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Review: Sonos Era 100 and Era 300 Speakers

While the Era 100 will appeal to listeners looking for a performance step up from the current One, the Era 300 is an entirely new beast, and is the first non-bar offered by Sonos to play back spatial audio.

Kudos: Era 100 offers big step up for small price increase; Era 300 adds exciting spatial audio playback and height element to Sonos surround systems; spatial audio experience a massive improvement over stereo

Concerns: Finding Atmos tracks within Sonos app; grouping with non-Atmos capable speakers

While Sonos’ recent product launches have focused around portable speakers (Move and Roam) and home theater components (Arc, Beam (Gen 2), Ray, and Sub Mini), the company has finally turned its attention back to its line of standalone speakers with the introduction of the new Era Series, which consists of the 100 and 300. (Please know that I resisted the temptation to use a “Sonos ushers in a new era of speakers” pun. You’re welcome.)

Sonos Era 300 Speaker with App

First off, I’m thrilled we have a new name/series here, and not some other permutation of Play:1, One, One [Gen 2], and One SL to further confuse clients and inventory systems. And beyond just a “We have some new speakers!” announcement, the two new Era models carve out clear performance niches in Sonos’ line.

While the Era 100 will appeal to listeners looking for a performance step up from the current One — specifically in single-speaker applications — the Era 300 is an entirely new beast, and is the first non-bar offered by Sonos specifically crafted to play back “spatial audio,” an immersive audio format designed to have a more 3D quality to the sound, adding more depth and height to the listening experience.

For this review, Sonos sent both an Era 100 and 300. To accompany the speakers, Sanus sent its new line of Era-compatible stands and mounts for both models.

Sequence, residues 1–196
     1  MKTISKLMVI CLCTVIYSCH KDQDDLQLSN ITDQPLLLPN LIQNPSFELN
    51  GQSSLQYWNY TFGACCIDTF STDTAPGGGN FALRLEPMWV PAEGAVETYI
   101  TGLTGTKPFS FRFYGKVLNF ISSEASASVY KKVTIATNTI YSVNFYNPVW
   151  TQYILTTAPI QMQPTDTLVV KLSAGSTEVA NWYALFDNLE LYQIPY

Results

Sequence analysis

What’s New

You’d be forgiven for thinking of the Era 100 as an upfit for the One series; Sonos refers to it as “a remastering of the best-selling Sonos One,” however it distinguishes itself visually by being a little taller and far rounder/more circular. Sitting next to a One, the 100 looks more elegant, less boxy, and, dare I say, less cheap?

Sonos Era 100 Speaker
Sonos Era 100

Sonically, the 100’s big improvements come in the form of a new woofer that is 25 percent larger, producing fuller, richer bass, and dual-angled tweeters with custom waveguides designed to expand the spaciousness and sense of stereo audio. As a single-speaker solution, this is a big step over the Ones.

While the 300 retains Sonos’ industrial design elements, it looks like nothing else in the lineup, with its oval shape, rounded front and sides, and flared rear. Sitting next to a Five, the 300 looks smaller, though it is a bit deeper. Honestly, it is a bit odd-looking at first, and I wasn’t even exactly sure how to orient it when first removing it from the box, thinking the back of the speaker was the bottom.

Setting it down, I thought, “Man, that’s dumb, they put the power connection on the bottom.” Fortunately, a rubber footing on the actual bottom is there as a kind of, “This end down, dummy!” (Also, the front-panel status light blinks orange/white if you don’t have the speaker oriented correctly.)

But talking about the 300’s shape is really burying the lede; its big trick is playing spatial audio, and it has been designed from the ground up with this in mind. Concealed behind its rounded, perforated grilles are a total of six drivers (four tweeters positioned in a front, left/right side, and up-firing array, along with two side-firing woofers) that are designed to immerse you in audio. Sonos doesn’t offer any details on the driver sizes or amplification in the 300, but says the speakers are powered by six Class-D amplifiers “precision tuned for the speaker’s unique acoustic architecture.”

While “spatial audio” is a generic term and not a specific audio format, with Sonos this refers to Dolby Atmos, as the company doesn’t support decoding for either DTS:X or Auro-3D. (Atmos is the overwhelming leader in spatial audio; Sony offers its competing 360 Reality Audio format via both Amazon and Tidal, which is another version of spatial audio, which is not currently supported by Sonos.)

Sonos Era 300 speaker
Sonos Era 300

Currently, Sonos supports spatial audio streaming from Amazon and Apple Music. (I inquired about support for Tidal, and the company answered, “Over time we will continue to add more listening choices and partners.”) Spatial tracks must be selected within the Sonos app, meaning you won’t experience Atmos if trying to AirPlay or Bluetooth them to the speaker.